Two Lost Female Hikers
August 10, 2019|
Written by Blake Douglas
I was having coffee at Higher Grounds in Idyllwild with Vinay, Daniel, and new team member Kase Chong, following 8 hours of training at Saddle Junction followed immediately by a mission. We were all tired and ready to head home, when, of course, our phones pinged with another mission, this time at Wellman Divide. Kase and I were available and ready to head back up Devil’s Slide, but after confirming the coordinates we found that our subjects were near Miller Peak, making this a tramway mission. Since most tram missions end with us being stuck at the upper station until dawn, Kase was unable to join us, so Glenn and I took the team truck down from Idyllwild and drove to Palm Springs with Michael George coming from Riverside and Cameron from Temecula. On our way, we heard from call captain Gwenda Yates that a second mission was possibly going to be called out at Deer Springs trail, but fortunately this one never manifested.
Cameron arrived at the tram in record time and, considering that the rest of us were still about an hour away, he was given clearance to proceed on his own. Normally RMRU requires a minimum of two members for field teams, but since our subjects were reported to be on the trail and without injuries, the mandate was waived on the assumption that Cameron just needed to escort them back to the tram station.
Once we arrived at the upper tram station, Glenn intended to keep Mike and myself in reserve, but we had only just started to unpack our overnight gear when we were asked to head out on another mission; this one being a welfare check on a camper in Round Valley. Knowing Cam’s mission could easily turn into a medical call or a search, Mike and I brought all our gear and began heading up the Willow Creek trail, then across Round Valley.
As we headed west, we observed a pair of lights working south, down the main trail that runs east of Jean Peak, heading for Wellman Divide. Considering it was nearly midnight, it didn’t seem likely that these were regular hikers, as we almost never encounter anyone on the San Jacinto trails after dark. I wondered if, somehow or other, our subjects had gotten ahold of lights, and were now deviating from their original location. Moments later, Cameron radioed that he had arrived at the coordinates near Miller Peak, saw no subjects, and heard no response to his callouts. I then reported our observation of the moving lights. You can only hear one person at a time on the radio, but I’m pretty sure there was a simultaneous “aaaaugh” from Cam and Glenn.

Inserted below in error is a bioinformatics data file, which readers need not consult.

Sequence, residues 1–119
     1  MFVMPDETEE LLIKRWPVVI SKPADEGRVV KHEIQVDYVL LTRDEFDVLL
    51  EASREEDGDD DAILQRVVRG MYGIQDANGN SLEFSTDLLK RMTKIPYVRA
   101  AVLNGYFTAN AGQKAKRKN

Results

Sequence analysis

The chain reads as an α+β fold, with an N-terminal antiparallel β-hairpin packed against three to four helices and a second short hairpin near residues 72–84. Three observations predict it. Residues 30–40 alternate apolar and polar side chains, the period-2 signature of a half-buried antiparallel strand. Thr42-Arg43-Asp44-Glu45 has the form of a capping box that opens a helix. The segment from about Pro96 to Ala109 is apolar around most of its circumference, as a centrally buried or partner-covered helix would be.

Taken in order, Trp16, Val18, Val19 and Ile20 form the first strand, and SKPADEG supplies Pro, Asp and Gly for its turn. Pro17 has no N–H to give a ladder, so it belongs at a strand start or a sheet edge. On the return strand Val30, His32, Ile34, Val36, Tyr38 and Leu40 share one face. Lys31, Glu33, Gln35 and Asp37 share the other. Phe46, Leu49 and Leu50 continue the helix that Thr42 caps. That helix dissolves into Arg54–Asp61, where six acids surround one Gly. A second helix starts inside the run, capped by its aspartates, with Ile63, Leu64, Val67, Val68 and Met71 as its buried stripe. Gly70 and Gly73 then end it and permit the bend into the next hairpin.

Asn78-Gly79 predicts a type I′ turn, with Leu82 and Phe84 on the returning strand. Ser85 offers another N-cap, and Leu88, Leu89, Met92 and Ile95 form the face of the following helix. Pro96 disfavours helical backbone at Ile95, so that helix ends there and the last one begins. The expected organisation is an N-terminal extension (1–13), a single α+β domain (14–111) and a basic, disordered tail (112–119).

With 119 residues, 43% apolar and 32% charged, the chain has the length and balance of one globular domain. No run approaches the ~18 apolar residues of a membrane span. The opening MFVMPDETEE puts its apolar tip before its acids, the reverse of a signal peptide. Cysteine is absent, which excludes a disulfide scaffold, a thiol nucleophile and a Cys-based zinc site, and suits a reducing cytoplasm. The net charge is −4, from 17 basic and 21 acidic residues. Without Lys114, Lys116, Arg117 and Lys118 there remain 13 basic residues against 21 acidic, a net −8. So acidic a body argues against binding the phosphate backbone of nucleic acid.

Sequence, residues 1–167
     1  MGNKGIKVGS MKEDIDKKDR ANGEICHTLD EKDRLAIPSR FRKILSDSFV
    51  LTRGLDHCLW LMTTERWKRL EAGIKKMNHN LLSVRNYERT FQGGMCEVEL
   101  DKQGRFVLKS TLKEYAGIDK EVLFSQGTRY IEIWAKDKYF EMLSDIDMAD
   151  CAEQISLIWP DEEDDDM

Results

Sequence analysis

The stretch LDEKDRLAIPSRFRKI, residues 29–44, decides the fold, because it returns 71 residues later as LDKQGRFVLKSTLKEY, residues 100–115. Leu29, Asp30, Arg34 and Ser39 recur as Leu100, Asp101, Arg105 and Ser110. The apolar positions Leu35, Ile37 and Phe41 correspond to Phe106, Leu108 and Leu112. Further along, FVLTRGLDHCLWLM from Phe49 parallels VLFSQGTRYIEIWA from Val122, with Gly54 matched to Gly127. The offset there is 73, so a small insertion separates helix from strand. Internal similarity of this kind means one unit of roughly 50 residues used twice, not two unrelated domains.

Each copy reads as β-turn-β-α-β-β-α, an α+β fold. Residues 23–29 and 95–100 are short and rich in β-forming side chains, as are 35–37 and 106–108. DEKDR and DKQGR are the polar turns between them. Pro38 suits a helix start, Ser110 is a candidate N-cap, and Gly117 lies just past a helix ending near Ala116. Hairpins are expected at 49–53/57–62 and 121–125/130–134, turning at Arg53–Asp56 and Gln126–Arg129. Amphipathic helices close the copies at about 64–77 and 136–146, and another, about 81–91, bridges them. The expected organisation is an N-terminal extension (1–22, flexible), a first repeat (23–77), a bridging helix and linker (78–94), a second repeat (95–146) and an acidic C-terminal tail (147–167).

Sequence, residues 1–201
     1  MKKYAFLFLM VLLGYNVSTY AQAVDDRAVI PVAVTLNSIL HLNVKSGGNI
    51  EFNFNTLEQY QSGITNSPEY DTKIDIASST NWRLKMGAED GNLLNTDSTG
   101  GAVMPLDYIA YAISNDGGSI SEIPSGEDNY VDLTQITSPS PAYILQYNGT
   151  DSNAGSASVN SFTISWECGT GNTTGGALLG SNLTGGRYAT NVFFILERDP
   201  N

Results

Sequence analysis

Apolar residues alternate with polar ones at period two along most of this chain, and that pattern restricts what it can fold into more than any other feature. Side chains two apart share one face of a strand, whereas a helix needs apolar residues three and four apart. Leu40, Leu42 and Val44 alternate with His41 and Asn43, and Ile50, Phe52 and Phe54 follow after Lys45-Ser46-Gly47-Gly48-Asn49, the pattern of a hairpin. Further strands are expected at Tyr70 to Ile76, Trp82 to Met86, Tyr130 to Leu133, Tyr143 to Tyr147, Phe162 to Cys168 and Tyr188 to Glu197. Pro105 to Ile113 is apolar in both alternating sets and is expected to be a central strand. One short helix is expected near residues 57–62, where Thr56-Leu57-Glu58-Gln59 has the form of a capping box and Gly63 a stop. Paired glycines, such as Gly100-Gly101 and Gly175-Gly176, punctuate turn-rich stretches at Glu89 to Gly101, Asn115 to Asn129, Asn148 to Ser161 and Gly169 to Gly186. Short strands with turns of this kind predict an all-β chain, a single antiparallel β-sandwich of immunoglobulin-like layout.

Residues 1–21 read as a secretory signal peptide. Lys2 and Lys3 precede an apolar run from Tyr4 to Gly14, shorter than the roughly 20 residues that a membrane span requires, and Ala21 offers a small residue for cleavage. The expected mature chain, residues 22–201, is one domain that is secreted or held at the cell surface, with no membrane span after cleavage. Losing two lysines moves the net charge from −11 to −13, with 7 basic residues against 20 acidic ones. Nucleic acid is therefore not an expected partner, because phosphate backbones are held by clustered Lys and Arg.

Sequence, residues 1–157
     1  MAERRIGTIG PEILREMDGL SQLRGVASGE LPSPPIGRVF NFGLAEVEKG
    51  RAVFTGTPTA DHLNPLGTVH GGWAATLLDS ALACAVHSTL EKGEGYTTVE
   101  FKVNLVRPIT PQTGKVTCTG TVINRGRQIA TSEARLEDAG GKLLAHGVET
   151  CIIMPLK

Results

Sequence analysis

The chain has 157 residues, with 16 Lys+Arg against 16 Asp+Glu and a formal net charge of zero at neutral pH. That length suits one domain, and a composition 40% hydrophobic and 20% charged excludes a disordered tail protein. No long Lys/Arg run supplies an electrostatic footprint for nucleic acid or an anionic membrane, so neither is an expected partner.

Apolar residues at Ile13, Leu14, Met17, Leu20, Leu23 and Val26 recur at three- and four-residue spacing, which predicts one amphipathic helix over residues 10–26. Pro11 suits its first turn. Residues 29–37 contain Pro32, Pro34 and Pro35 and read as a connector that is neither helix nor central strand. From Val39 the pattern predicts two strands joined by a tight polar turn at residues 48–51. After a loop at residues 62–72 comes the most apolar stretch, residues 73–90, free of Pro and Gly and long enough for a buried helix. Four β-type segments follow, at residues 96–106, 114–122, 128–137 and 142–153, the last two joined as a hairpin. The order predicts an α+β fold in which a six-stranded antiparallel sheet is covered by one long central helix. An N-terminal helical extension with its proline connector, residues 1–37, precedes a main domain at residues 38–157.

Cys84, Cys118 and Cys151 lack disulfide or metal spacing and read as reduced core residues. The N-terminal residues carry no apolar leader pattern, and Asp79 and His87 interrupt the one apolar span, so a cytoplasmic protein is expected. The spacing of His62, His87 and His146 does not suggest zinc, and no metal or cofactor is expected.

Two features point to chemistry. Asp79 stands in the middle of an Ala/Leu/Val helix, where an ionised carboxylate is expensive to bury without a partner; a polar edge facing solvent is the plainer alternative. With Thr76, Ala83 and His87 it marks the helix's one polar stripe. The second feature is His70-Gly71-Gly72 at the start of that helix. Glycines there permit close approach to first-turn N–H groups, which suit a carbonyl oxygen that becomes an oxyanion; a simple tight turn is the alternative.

Glenn put our Round Valley mission on standby and redirected Mike and myself to Wellman Divide, hopefully to cut off our subjects before they got there, since Wellman is a great place for people to miss the sign and get lost (or, if you’re already lost, even more lost). Cam approached from the north while Mike and I continued the Round Valley trail up to Wellman’s. Fortunately, Glenn was able to call the subjects on their cellphone and instruct them to remain at Wellman’s when they got there. We reached Wellman’s within half an hour, to find our subjects and a pair of better-equipped hikers; the lights we had seen belonged to them. According to our subjects, they were so cold at their original position that the passing hikers had offered to relocate them.
One of our subjects was suffering from altitude sickness as well as signs of early hypothermia, but otherwise they were ok. After briefly warming our ill subject, we began hiking them back down toward the tram, with Mike breaking off at Round Valley to continue our welfare check mission. Travel was slow and we stopped periodically for warmth, snacks and to keep up a positive attitude, since our ill subject was trudging along almost silently at this point, just trying to focus on getting to the tram. We made it with enough time for a short nap before the dawn crew arrived to take us down the mountain; fortunately, our subjects were feeling better at this point and everything worked out ok from a medical perspective.
What went wrong: while our subjects had some hiking experience, they didn’t expect to get tired, sick or to be out after dark. A lack of anticipation and planning around worst-case scenarios is a common theme among subjects who are lost but not injured; they simply didn’t pack enough of, or the right kind, of equipment for the situation they ended up in.
RMRU Members Involved: Cameron Dickinson, Blake Douglas, Michael George, and Glenn Henderson.